First, the alcohol in a beverage must be absorbed in the stomach. Absorption rates vary from person to person and generally depend on a few factors. Drinking on an empty stomach, for example, does in fact increase the rate of absorption. But, this phenomenon is more noticeably observed when the alcohol concentration of the drink is middling, such as 20-30%. Spirits that typically contain alcohol in excess of 40% will delay gastric emptying and thus slow absorption.

Brain Effects

Alcohol is a known central nervous system depressant. Predominantly, alcohol functions by increasing the concentration of the neurotransmitter γ-aminobutyric acid, also known as GABA. Generally speaking, GABA slows down, or inhibits, the activity of neurons that it interacts with. This explains some of alcohol’s effects: loss of motor skills, slurred speech, and impaired memory. Additionally, the pleasurable effects of alcohol are due to an increase in dopamine, a reward neurotransmitter.

What Defines Drowsy Driving?

The definition of drowsy driving is a bit more complicated to nail down. The Centers for Disease Control defines drowsy driving as “operating a motor vehicle while fatigued or sleepy.” Here are some facts about drowsy driving:

  • The National Highway Traffic Safety Administration estimates that, on a yearly basis, drowsy driving causes 83,000 crashes, 37,000 injury crashes, and 886 fatal crashes.
  • Roughly 1 out of 25 adults, 18 years and older, reported falling asleep while driving in the past 30 days.
  • People who snored and those who slept 6 hours or less per day are more likely to fall asleep while driving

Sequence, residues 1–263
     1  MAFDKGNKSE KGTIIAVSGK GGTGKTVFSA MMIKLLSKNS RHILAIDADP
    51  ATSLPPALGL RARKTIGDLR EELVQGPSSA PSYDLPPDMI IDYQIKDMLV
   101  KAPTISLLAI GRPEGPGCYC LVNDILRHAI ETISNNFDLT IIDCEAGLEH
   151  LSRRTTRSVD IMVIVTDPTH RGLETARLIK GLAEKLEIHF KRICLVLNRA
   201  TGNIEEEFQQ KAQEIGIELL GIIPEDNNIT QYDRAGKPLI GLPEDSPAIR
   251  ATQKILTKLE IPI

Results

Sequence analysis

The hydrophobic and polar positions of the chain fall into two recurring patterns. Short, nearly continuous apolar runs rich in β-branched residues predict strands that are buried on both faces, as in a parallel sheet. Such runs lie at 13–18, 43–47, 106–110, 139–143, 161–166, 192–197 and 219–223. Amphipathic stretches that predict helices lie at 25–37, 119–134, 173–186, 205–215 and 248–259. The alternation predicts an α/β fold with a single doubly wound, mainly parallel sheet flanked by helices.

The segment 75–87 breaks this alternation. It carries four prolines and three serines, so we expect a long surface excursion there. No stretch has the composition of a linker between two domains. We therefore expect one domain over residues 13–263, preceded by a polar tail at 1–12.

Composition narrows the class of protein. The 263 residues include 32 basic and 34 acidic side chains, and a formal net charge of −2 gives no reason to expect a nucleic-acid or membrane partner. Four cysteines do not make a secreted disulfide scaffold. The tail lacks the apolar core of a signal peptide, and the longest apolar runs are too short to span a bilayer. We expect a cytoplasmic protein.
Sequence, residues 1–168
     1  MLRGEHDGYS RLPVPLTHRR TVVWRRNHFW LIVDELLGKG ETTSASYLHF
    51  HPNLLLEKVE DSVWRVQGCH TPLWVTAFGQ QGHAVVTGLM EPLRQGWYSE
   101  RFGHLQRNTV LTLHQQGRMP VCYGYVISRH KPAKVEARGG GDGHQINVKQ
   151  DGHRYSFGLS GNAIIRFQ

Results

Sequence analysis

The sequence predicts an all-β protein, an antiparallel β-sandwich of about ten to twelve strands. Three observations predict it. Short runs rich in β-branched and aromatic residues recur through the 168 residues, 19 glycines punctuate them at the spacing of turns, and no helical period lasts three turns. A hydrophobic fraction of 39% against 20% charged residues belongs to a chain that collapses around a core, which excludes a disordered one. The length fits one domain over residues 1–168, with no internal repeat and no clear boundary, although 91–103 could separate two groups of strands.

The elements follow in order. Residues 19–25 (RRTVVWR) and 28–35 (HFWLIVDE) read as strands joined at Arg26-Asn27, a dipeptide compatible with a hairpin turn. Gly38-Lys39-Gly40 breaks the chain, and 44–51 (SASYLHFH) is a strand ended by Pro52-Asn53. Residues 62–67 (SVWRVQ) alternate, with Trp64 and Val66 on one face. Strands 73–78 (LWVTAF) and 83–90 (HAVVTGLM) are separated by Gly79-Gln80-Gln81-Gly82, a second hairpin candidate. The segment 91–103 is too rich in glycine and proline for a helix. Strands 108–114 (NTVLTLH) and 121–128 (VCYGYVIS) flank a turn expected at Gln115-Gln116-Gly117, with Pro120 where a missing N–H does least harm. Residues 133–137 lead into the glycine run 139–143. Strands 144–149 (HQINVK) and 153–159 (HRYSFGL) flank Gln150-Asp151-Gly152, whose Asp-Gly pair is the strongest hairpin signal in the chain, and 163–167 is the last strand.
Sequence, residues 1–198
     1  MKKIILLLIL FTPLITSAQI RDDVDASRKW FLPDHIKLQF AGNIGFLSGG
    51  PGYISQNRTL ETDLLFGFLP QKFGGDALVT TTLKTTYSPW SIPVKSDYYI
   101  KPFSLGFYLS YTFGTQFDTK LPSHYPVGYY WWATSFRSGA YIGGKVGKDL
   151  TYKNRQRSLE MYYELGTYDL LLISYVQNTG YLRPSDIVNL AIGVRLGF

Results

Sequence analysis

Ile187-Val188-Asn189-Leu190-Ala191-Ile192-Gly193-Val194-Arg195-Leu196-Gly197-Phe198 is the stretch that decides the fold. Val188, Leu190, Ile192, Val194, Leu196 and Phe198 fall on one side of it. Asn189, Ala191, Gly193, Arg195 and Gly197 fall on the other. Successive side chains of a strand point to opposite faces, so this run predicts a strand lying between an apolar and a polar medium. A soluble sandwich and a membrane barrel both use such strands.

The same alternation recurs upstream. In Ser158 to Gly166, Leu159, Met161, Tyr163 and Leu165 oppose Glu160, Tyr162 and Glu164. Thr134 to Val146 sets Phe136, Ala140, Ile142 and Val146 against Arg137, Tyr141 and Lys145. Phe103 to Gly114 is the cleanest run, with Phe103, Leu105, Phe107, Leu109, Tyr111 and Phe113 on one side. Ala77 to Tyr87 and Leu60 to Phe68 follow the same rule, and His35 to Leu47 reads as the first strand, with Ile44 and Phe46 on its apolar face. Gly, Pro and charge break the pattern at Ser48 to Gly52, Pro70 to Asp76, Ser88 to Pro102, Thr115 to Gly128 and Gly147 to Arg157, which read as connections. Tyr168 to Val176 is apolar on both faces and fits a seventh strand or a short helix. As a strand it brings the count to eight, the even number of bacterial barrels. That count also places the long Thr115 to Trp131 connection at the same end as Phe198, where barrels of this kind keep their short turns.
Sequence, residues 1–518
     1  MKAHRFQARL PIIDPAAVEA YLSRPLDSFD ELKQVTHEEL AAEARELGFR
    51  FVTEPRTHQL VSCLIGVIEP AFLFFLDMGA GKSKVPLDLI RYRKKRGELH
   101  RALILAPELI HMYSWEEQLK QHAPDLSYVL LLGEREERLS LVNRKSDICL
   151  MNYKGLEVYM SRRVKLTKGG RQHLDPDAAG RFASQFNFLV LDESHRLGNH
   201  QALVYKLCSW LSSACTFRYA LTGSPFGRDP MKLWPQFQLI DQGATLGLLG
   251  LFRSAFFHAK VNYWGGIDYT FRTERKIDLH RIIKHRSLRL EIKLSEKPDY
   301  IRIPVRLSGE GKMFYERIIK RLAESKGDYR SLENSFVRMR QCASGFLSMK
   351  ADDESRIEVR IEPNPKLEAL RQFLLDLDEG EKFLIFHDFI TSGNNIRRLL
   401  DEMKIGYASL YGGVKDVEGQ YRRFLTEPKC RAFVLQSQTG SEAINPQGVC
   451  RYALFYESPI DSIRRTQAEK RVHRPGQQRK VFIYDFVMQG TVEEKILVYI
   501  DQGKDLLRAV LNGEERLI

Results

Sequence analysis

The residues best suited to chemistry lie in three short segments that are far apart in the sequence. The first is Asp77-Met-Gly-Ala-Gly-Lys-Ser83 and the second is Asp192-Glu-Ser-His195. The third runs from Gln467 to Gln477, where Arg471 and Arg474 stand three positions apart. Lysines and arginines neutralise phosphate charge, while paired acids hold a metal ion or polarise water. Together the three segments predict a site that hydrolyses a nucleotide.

• There are many warning signs that you may be too drowsy to drive, such as yawning or blinking frequently, drifting from the lane, having difficulty remembering driving the last several miles, hitting a rumble strip, or missing exits
  • Many, many people are prone to drowsy driving, such as individuals who do not get enough sleep, commercial drivers, shift workers, drivers with untreated sleep disorders like sleep apnea

Physiology of Drowsy Driving

The biology of drowsy driving can be rather complicated. In a nutshell, being drowsy affects people while driving the same way it affects them during other tasks - it slows us down. Similar to alcohol, sleep deprivation slows the central nervous system. Here are a few of the things a drowsy driver may experience:

  • Slows reaction times
  • Decreased ability to pay attention to the road
  • Decision-making skills and speed lessened

Drowsy & Drunk Driving

So, then, how do drunk and drowsy driving compare? First, they are both dangerous, destructive, and reckless. Combined, they account for roughly 12,000 deaths a year. The Centers for Disease Controls notes that “studies have shown that going too long without sleep can impair your ability to drive the same way as drinking too much alcohol.” They go on to provide comparisons between various levels of drowsy and their equivalent BAC.

  • Being constantly awake for 18 hours is roughly equivalent to driving with a blood alcohol concentration of 0.05.
  • Being constantly awake for 24 hours is roughly equivalent to driving with a blood alcohol concentration of 0.10. This would be an illegal BAC in all 50 states

In short, drowsy driving can be just as dangerous as drunk driving. Both should be avoided, and if you think you may have a sleep disorder, contact your physician.


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Written by: Patrick O'Hare